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UITableViewCell *cell = [tableView 
dequeueReusableCellWithIdentifier:CellIdentifier]; 
    if (cell == nil) { 
        cell = [[[UITableViewCell alloc] initWithStyle:UITableViewCellStyleDefault 
 reuseIdentifier:CellIdentifier] autorelease];
 ...
 return cell;

Wouldn't this code autorelease the cell before anything can be done with it? The cell itself has no retain as far as I know and when the ell is returned the autorelease would likely kick in, wouldn't it?

It seems to work either way, I'd just like to fully understand why it does.

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up vote 2 down vote accepted

Autoreleases don't "kick in" until the NSAutoreleasePool is drained, which is not done when a method returns. Unless you create an NSAutoreleasePool manually, the pool is drained during the event loop. As long as you add the table cell to a UITableView (which retains it) before returning to the event loop, the cell will stick around.

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When you return a cell, you are following the standard convention that objects created by methods are autoreleased, and that if something cares about the objects it needs to retain them.

In this case, that "something" is the UITableView asking you for a cell. When this method returns the cell, then the code calling you retains it and keeps it around until the table view is released.

So why doesn't the autorelease cause it to free before it's returned? Because everything that happens in Objective-C is in what's called a "RunLoop", which means exactly that - it's a loop that is run again and again. After the table view finishes calling you it returns, then the thing telling the table view to update returns, and so on until the top runloop is reached - at which time the autoreleases are performed and the cells retain count drops by one. But again, that's OK because the UITableView has retained it.

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it's worth you getting to grips with iPhone memory management a little more.

Basically, an [alloc] and a [copy] both increase your retain count by one. So the following line:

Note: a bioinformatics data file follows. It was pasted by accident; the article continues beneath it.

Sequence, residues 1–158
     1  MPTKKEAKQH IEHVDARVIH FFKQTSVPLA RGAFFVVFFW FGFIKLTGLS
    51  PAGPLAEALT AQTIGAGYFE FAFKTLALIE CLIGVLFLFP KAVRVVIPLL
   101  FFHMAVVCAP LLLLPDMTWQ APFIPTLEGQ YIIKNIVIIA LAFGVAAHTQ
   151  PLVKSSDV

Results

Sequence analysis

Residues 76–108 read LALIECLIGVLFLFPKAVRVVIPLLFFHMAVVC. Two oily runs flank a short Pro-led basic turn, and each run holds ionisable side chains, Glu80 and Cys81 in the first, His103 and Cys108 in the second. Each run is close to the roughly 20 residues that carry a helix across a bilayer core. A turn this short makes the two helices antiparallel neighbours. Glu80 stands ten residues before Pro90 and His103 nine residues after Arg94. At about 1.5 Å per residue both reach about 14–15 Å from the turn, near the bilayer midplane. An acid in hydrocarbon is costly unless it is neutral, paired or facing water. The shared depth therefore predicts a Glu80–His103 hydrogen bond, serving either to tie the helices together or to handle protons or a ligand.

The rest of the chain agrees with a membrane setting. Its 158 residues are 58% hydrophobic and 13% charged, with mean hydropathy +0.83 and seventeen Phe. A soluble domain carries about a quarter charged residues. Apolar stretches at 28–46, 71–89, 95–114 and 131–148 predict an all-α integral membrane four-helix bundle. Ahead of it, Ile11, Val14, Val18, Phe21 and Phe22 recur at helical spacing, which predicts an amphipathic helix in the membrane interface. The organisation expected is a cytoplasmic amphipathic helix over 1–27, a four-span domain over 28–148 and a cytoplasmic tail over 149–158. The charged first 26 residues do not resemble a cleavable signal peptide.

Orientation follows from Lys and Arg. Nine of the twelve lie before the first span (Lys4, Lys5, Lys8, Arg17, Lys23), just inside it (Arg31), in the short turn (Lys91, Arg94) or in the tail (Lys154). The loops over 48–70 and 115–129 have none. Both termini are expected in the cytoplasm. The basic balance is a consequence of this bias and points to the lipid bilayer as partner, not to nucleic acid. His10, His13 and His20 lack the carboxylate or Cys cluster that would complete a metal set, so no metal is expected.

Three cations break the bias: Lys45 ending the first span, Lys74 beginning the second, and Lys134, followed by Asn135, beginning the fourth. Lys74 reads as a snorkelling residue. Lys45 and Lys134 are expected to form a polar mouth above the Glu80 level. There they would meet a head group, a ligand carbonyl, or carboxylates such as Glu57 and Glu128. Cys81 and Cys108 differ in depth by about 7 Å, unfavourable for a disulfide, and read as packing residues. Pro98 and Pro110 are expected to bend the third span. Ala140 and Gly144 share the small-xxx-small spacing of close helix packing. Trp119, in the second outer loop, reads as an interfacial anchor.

cell = [[[UITableViewCell alloc] initWithStyle:UITableViewCellStyleDefault 
 reuseIdentifier:CellIdentifier] autorelease];

increments the retain count on your new cell object, from zero to one.

You could then manually decrease the retain count back to zero when you were done with it, by typing the following:

[cell release];

instead of the autorelease. This would reduce its retain count to zero, at which point the iPhone system will automatically dealloc the memory for this object. [Note that you never call [cell dealloc] directly - rather, dealloc automatically happens when the retain count goes back to zero.]

However, you don't easily know when that cell will no longer be required. So instead you use [autorelease].

Without going into the depths of how autorelease works, effectively it gathers all objects that are no longer referenced and releases them (and therefore deallocs them) at the start of the next run cycle.

As long as you have a reference to the cell object it will not be autoreleased. The moment you have no reference to it, it will be added to the autorelease pool and will be dealloc'd in due course.

Sorry it's a bit involved - does that help??!

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Not right!! Autorelease means later the count it back down to zero... calling [cell release] yourself will cause a crash later. – Kendall Helmstetter Gelner Aug 11 '09 at 22:57
    
Ya I already know that too. I understand reference counting jsut was unsure of how UITableViewCell's work. I've had objects released before I could retain them in the calling code, though this could have been caused by gdb. – Brenden Aug 11 '09 at 23:21
    
Kendall you downvoted too hastily... my whole text says that while you could manually release it, you have instead (correctly) set it to autorelease. Obviously if you actually called [cell release] having also used [autorelease] it would crash! sigh wishing people would read before downvoting... – h4xxr Aug 11 '09 at 23:37
    
Brenden, your question states "The cell itself has no retain as far as I know" which is what I was correcting... the [ alloc] statement increases the retain count by one. – h4xxr Aug 11 '09 at 23:38
    
h4xxr, I know the cell has a retain, but it will be auto-released. My gray area is when that happens. I assumed after it returns the pool gets drained. I'm unfamiliar with when the auto pool is drained. – Brenden Aug 12 '09 at 16:36

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